An Eastern Border
When I wake up at 8 a.m. on the Polish-Ukrainian border, I'm surprised by the gray concrete. We have to get out of the bus, shivering, our passports in hand. Mine, navy blue. Nearly everyone else’s, maroon and emblazoned with golden Cyrillic. Don’t ask if it’s Russian – I learn that quickly.
Over the last three years I’ve gotten used to the questioning glances, the look in the eyes of the border official who often asks, Why would you want to be here? But then they still push ink against paper after hearing my accent damp with effort, giving me that coveted stamp.
It’s too early for speech; I don’t yet have to try out my game of fitting the Slavic language I’m learning, like a green plastic star or oval, into the wooden box of cut-out shapes, seeing where there is congruency. Ukraine is not a member of the European Union, so we have to pass border control twice; first on the Polish side, then on the Ukrainian. There is no difference in their blank beneficence. Maybe because it’s first morning light, the wash of pale blue compared to the saturated orange of an evanescent day. It’s comforting. There are still boxes to check.
Back on the bus I lay my head on the smudged-glass window and wonder how much time I have left to doze. If you kidnapped me and brought me here, I might think I were still in Czech Republic. Countryside, one-story houses, the tell-tale orange roofing, the untamed green lawns. Nothing like my suburban American upbringing. It’s when you look over the roughed-up wooden fences that you see the clutter of rusting machinery, the chicken coops, the unidentifiably-colored rabble of a life lived in the garden. The Czechs wouldn’t like that comparison. They have chickens too, sure. And old machinery. But they have more money.
That’s why the Ukrainians come there to work and ride the red-eye bus back in bi-monthly shifts. You sleep as well as you can on your handbag or duffel bag in the corner of your fabric seat with its faded stars or green and purple geometry.
When we arrive in Lviv, I am sleepy-eyed and excited. I wander among the yellowed fallen leaves and I sound out the letters of angular Cyrillic I hurriedly memorized on the way here. There are cobblestone streets and treacherous tram tracks in the middle of them. There are local butcher and cheese shops, just like in my small Czech town, and I excitedly go in and point to what I want. I use Google Translate to tell the waitress in a dark alley café that I want the famed “coffee on fire.” She looks at me knowingly, smile cocked in the corner of her face.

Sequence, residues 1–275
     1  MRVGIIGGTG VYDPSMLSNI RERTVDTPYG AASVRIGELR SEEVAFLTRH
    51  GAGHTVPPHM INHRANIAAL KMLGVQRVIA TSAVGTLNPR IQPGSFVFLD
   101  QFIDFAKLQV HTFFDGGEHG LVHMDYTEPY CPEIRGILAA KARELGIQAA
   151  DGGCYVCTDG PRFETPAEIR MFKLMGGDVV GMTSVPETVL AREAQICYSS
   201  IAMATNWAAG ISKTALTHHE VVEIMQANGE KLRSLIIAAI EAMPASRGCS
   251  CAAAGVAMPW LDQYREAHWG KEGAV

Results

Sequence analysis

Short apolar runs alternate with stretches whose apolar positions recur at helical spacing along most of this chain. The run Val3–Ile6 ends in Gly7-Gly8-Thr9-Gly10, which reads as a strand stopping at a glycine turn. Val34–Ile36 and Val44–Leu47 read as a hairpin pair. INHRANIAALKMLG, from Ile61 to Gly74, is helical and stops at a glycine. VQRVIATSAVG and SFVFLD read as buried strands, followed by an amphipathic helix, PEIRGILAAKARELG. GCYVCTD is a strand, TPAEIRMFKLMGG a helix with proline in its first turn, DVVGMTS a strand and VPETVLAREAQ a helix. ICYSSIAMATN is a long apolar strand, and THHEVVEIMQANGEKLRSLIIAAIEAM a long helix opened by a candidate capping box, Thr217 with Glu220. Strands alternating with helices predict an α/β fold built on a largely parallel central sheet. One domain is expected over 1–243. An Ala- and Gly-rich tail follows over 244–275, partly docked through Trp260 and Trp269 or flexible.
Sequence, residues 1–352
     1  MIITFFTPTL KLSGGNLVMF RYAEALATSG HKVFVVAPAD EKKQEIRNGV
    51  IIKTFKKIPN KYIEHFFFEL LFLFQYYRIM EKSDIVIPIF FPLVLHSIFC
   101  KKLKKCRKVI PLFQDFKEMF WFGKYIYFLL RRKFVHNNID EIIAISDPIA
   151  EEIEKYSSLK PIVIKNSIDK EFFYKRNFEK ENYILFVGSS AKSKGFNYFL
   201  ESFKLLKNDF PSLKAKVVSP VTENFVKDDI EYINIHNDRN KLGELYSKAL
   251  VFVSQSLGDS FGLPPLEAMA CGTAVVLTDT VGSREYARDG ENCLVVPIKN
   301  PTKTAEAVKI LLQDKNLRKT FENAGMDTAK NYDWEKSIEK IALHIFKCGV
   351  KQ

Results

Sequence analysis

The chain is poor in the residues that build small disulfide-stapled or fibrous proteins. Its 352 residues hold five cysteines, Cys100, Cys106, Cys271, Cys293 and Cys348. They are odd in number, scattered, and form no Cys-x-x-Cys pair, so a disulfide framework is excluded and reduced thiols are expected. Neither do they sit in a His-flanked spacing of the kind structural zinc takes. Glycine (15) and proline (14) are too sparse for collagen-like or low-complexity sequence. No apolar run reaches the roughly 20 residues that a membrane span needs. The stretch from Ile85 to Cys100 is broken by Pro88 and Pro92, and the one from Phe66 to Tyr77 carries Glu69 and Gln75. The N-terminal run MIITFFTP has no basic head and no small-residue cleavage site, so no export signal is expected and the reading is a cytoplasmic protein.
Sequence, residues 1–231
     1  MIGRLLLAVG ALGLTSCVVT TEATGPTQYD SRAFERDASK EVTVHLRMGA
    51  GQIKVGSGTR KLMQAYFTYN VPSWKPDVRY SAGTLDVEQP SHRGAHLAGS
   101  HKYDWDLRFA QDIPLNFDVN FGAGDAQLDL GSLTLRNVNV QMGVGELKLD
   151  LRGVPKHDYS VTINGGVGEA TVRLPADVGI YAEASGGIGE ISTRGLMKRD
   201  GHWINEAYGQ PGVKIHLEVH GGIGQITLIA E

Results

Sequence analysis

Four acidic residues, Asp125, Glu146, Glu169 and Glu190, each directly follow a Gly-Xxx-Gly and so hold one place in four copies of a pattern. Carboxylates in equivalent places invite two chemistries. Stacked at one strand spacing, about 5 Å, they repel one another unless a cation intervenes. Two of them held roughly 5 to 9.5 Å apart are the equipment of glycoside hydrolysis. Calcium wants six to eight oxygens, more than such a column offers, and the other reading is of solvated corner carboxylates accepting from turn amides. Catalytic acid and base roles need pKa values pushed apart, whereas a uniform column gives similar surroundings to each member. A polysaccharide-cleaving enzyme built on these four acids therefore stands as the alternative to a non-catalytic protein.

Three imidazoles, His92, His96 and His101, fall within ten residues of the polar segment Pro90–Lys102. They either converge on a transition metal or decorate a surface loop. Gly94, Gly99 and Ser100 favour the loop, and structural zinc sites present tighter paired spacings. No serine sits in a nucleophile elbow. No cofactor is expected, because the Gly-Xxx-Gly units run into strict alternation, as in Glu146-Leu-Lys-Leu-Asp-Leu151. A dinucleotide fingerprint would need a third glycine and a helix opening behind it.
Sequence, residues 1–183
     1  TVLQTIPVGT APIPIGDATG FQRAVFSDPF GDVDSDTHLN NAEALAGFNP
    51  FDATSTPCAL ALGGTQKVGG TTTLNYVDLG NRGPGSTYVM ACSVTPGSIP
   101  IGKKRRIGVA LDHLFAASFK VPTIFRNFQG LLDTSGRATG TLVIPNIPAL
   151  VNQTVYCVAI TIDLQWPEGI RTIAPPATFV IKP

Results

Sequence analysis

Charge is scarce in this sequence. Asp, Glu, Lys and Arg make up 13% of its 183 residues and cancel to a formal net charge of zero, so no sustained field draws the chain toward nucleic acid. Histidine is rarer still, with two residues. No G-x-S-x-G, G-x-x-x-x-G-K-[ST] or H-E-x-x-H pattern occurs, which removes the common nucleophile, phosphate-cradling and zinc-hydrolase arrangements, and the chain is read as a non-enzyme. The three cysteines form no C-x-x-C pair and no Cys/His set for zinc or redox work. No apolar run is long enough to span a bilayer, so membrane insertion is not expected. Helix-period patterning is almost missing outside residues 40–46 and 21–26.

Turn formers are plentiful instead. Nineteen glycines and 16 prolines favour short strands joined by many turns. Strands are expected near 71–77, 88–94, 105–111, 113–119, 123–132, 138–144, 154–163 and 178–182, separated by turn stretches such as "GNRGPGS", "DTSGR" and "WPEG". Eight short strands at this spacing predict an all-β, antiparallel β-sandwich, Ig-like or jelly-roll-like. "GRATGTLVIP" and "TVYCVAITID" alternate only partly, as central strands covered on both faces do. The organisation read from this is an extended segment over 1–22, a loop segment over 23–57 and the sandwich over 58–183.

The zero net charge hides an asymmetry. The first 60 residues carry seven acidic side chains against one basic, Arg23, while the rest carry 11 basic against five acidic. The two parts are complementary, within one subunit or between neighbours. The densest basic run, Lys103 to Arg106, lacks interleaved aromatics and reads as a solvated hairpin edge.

I meet a local boy, Maxim, for pizza. In the same conversation, we touch on his graphic design work and the ambiguous deaths of political figures who criticize the Russian-leaning government. I think about the toilet paper I saw being sold in the main square as a souvenir with Putin’s face on it. Maxim shows me the black stone and concrete memorial to Jewish deportees in a quiet corner of Lviv. He brings me to the highest point in the city and we look over smoking chimneys and distant fields. As we spiral back down to earth, we talk about the Nickelodeon shows we both watched in our childhoods. He tells me he can move freely over the border because he received second citizenship through his Polish grandparents. When he drops me off at his favorite café, I ask him how I’ll pay him back for lunch, and he says, We’re sure to see each other again.
I try to stuff as many cheap, delicious varenyky, or filled dumplings similar to Polish pirozhky, into my gob as I can in 72 hours. In a buffet-style restaurant I ask a young counter worker how to pay. She doesn’t speak English and the only other language I speak is Czech, so we compromise with Polish. I haggle with a man in the Friday market over bee pollen and beeswax in plastic containers. He seems skeptical that I understand what I’m buying. I don’t, but I’m trying to give a different impression.
On the trip back to Czech Republic, the bus sits on the Ukrainian-Polish border. As an hour drags on as we sit parked in front of a trucker’s hotel and a hot dog stand next to the road divider, I’m the odd one out for sure, the sole face of panic staring at the calm backs of fellow passengers’ heads. Too nervous to ask the one woman who could speak some Czech. Too afraid the bus won’t be waiting there anymore if I run out to use the bathroom – having escaped over the border with my backpack. But it’s a misguided fear; we are stalled for seven hours.
I doze for forty-five minutes at a time until we are coerced out again with our passports in a cinderblock building with a dirty, freezing bathroom. I am only wearing my sweater; I forgot my winter jacket in the bus. We stand in silence, blinking suspiciously at each other. Thankfully the transaction is again language-less.
I can’t sleep with all the haphazard lurches of the bus, so I pull out the unexpected copy of To Kill a Mockingbird (published in 1960s Kiev, and even more surprisingly, in English) that I found in a church courtyard book sale. Its starchy pages and the imagery of an all-containing tree cubbyhole recall the high school years when I first read it. It seems an odd dovetail with the moment, but like Scout I have my doubts about others overturned. When we arrive, sleepy and followed by a cloud of exhaust into the whitewashed Brno morning, I disembark and try to find the two drivers who took turns through the night. The other passengers have gotten out to rub their eyes and stretch. Diakuju, I say to the mustachioed one who signed me in, thank you, Do pobachenya, goodbye. He gives me a brief condescending look and goes back to smoking his cigarette.
Chloe' Skye is an ESL teacher and avid traveler who moved to Czechia in 2014 on a Fulbright fellowship. She seeks the poetry in linguistic and cultural collisions and explores these themes on her travel blog Chlohemian.